in. wide. It has a high heat resistant paint and the color is black. It
comes standard with one cooking grate that is 22 1/2 in. wide, a good
thermometer, and a heavy duty charcoal ring that measures 6 in. deep and
at least 13 in. in diameter. The ring is mounted on a grate that fits
into the bottom of the pit and easily holds 12 lbs. or more of charcoal.
The distance from the charcoal ring to the bottom of the the drum is
about 2 1/4-2 1/2 in. for ash build-up. Distance from the bottom of the
charcoal ring to the cooking grate is about 24 in. The lid is very
tight fitting, plenty heavy, and has eight 1/2 in. vent holes precisely
cut at even intervals. The bottom of the drum has three 7/8 in. air
intakes with a plug for each one to regulate the draft. Pit weights
about 72 lbs and comes in a shrink wrap. Lid is super secured. There
was no damage (dings or dents) to my pit which was delivered by Fed-X.
Pit can be easily transported from place to place by one person.



Within 15 minutes of the first cook, I knew this pit was a winner. The
smell was absolutely what I look for in a first class cooker and NEVER
have I achived this quality for the price and cooking capacity. I call
it that ol' time "Grandpaw smell"... when many years ago men cooked meat
over hardwood coals and the smoke from the wood and the drippings from
the meat fell down into the fire, creating an aroma that was
unforgetable. It was a lot of work. Not saying that some folks don't
do this today, but they are a dying breed. This pit accomplishes this
ol' time flavor with little effort due to the fact that the cooking
grate is located about 24 inches from the bottom of the charcoal ring
which allows direct cooking over the coals, plus the well thought out
design from Mr. Richmond. There's a lot more to what he has created
than just cutting a hole in the bottom and top of a barrel and calling
it a good cooker.



When loaded with 10-12 lbs. of charcoal, I was able to cook long cooking
meats (brisket, butts, etc.) without refueling the fire, which could be
a pain to some (taking off the cooking grate to add charcoal, wood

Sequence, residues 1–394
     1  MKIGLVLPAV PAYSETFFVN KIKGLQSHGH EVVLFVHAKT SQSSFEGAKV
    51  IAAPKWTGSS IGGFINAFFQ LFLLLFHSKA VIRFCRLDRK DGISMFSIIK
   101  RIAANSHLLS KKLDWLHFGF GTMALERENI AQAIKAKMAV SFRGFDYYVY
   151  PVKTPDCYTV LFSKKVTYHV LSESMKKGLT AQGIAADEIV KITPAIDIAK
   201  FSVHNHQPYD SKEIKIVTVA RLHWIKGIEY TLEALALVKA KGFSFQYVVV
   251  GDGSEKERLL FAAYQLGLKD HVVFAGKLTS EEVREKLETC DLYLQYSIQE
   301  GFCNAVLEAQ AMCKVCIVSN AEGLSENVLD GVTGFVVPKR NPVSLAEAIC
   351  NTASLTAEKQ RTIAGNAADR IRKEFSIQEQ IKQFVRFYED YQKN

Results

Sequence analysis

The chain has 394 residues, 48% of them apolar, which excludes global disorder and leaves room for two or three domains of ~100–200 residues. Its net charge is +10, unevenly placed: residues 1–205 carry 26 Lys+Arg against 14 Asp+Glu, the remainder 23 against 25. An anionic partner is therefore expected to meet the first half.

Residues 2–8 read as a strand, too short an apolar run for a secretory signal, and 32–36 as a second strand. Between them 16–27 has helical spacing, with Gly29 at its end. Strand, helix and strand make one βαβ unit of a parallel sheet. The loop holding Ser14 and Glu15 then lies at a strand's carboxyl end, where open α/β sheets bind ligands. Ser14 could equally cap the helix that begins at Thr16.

etc.). With three or four good size chunks of wood (fist size or
larger), I used three pecan "mini" logs about 2- 2 1/2 in. in diameter
and 6 in. long, the smoke never ran out. I was skeptical about this
aspect, but it kept on smokin. After the meat came off and the fire
diminished, the only thing left was a couple of the pecan logs that were
nearly burned up, but not completely. So the smoke keeps going for a
long cook when done properly with no additional wood needed. The pit
was still up to cooking temperature after my cook was done. I got about
a 10 hour burn, or longer, on 10-12 lbs. of charcoal with wood chucks at
an ambient temperature of 48-50 degrees. Summer time heat will bring
longer cooks, if that's important to you. One thing you need to
remember when cooking this method...the meat will cook quicker due to
the DIRECT and convection heat combined. This method of cooking does not
reduce flavor...This is a good thing. I know how so many folks get hung
up on super long cooking times, and I ain't gonna get into that. That
theory holds true in certain cooking situations, but it is not a
constant.



Performance: This smoker created a good even heat over the entire
cooking grate...not perfect, but close. Never cooked on a pit yet that
the heat was perfect. The fire and heat control was a breeze. Easiest
I've ever seen. It held steady for hours with an adjustment of putting
in one or two plugs out of the three into the air intakes. You can go
off and leave this smoker for hours once you do a few cooks on it and
figure out how to use the plugs (or sleep at a cook off). Mr. Richmond
sends the "how to" manual with the smoker and it is very easy to read
and understand, plus accurate. Just read it. Easy as can be. If ones
wishes to add a second cooking shelf, that is easily done. Since there
are 9 inches from the cooking shelf to the lid, one could add a second
shelf at 4 1/2 in. above the main shelf. This would give you a distance
of 4 1/2 in. between each cooking shelf and the lid. This would work
fine for chichen halves, briskets, sausage, ribs, and other items that
aren't too tall. However, if you are smoking tall items like butts,
turkeys, beer can chicken, or using rib racks, either take out the
second shelf and use the main one, or for high capacity cooking (12 beer
can chickens, four turkeys, etc.) place the top cooking shelf eight
inchs above the main cooking shelf and use a Weber 22 1/2 in. kettle
grill lid for the main lid. This will give you a lot of distance from
the top cooking shelf to the lid and about 32 in. from the bottom of the
fire box. An extra cooking shelf (22 1/2 in.) can be ordered from
Amazon.com for $16.99.



As the cooker comes with one cooking grate, it is a serious machine.